The wrong goodbye / Chris F. Holm
Why do I keep reading Angry Robot books again?
I’m doing these two books as a two-fer ’cause that’s how I feel like doing them today.
Dead harvest and The wrong goodbye are a pair of contemporary fantasy novels about a noir-style hardboiled grim reaper. It’s an interesting premise, and the cover art is certainly eye-catching in that it evokes that old-school pulp style. Apparently there’s a third one now (The big wreap) but I haven’t read it and don’t really plan on reading it unless somebody asks me to do so for this blog.
Some background on the publisher
I’m going to end up reviewing more than a few books from Angry Robot and I feel like it’s worth mentioning something about them as a publishing house. Angry Robot is a relatively small UK-based publisher of weird fiction. They are supported by an extensive guerrilla marketing apparatus, and the library where I worked at the time seemed to acquire pretty much their entire catalog.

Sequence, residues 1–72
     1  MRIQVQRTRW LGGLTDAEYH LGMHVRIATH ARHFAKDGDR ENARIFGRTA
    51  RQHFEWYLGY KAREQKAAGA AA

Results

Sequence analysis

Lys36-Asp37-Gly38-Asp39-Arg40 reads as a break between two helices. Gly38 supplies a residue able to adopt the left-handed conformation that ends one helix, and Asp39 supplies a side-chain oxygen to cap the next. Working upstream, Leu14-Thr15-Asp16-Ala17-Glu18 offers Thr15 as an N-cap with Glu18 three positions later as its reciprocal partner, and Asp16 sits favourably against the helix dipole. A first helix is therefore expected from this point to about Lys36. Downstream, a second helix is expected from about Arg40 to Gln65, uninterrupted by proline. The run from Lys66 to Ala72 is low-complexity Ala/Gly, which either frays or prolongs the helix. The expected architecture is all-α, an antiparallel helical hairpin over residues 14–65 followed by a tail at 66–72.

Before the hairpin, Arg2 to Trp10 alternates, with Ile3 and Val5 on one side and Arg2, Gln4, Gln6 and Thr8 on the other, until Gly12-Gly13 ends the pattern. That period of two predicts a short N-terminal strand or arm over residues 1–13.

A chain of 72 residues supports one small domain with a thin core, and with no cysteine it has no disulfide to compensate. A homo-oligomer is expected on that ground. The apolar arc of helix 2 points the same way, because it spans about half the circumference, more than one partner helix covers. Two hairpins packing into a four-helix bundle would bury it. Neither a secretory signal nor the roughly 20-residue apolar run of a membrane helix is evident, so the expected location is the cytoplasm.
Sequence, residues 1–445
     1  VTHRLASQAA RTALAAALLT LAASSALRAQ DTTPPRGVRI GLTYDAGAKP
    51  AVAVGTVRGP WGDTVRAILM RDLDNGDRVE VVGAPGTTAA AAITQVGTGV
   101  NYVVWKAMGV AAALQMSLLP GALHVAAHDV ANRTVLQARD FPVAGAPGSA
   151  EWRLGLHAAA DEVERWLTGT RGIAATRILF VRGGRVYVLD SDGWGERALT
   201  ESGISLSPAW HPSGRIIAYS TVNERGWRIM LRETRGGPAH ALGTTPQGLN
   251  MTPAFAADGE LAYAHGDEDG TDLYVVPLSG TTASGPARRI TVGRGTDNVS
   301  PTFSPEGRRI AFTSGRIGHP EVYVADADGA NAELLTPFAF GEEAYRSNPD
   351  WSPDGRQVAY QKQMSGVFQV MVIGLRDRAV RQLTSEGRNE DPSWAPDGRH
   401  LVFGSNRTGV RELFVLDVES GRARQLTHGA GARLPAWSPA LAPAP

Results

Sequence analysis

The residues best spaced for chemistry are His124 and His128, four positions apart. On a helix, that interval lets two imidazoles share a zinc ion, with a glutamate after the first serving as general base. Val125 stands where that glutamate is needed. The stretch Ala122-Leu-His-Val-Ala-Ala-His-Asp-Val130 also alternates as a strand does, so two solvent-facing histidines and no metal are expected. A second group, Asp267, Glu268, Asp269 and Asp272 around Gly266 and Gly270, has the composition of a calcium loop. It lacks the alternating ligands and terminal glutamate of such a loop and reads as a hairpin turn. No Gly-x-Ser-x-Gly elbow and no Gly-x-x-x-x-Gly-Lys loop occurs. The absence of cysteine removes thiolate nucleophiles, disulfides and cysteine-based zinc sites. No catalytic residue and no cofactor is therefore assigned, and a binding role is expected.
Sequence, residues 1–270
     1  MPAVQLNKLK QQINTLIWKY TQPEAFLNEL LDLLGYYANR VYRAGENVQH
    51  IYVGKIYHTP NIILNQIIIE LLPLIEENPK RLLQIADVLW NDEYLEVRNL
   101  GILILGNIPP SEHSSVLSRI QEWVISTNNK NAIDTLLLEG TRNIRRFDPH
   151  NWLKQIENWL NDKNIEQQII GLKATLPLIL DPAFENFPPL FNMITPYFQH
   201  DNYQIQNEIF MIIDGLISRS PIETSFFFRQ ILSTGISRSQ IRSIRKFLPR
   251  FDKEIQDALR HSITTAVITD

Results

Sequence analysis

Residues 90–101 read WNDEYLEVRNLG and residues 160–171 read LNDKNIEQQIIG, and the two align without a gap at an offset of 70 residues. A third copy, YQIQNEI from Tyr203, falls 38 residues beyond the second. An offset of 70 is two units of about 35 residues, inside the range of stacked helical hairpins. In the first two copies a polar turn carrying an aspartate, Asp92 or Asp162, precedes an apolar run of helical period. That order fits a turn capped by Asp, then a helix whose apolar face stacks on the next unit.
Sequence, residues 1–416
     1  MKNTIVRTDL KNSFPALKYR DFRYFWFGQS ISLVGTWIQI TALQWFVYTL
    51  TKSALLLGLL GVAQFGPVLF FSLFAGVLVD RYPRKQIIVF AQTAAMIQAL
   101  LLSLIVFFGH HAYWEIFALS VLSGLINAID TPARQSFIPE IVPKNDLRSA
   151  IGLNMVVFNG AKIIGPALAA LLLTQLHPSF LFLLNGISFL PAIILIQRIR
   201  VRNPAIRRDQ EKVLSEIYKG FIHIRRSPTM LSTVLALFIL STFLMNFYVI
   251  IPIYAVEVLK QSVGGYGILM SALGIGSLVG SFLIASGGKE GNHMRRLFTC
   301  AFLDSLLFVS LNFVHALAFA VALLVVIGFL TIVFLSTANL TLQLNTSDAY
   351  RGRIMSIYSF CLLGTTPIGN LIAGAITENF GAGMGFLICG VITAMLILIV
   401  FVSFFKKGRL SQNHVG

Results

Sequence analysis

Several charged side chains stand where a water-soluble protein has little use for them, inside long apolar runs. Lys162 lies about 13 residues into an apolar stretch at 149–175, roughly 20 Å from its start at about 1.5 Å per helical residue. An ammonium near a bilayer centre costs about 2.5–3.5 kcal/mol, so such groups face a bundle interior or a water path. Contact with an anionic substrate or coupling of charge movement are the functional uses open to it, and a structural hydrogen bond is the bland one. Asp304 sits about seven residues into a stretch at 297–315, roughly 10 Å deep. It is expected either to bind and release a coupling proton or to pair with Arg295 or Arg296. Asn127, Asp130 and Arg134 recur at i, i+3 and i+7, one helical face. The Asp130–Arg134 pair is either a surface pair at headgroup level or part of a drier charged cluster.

I’ve read close to a dozen books published by Angry Robot so far, and to be honest I haven’t generally been “wowed” by them. Still, their marketing is incredibly effective on me and I find myself continuously picking up books by this publisher. The only other publisher that markets to me as effectively is Orbit. Tor and Baen are probably tied for third but that’s chiefly because that’s where many of my favorite authors are.
Back to the books in question: plot
Sam Thornton was once a living human who sold his soul. Now he is a collector, a disembodied spirit that possesses the recently deceased in order to collect the souls of the damned and send them to Hell. Upon being tasked with collecting the soul of a young woman he believes to be innocent, Thornton decides to rebel against his masters in an act that threatens the balance between Heaven and Hell.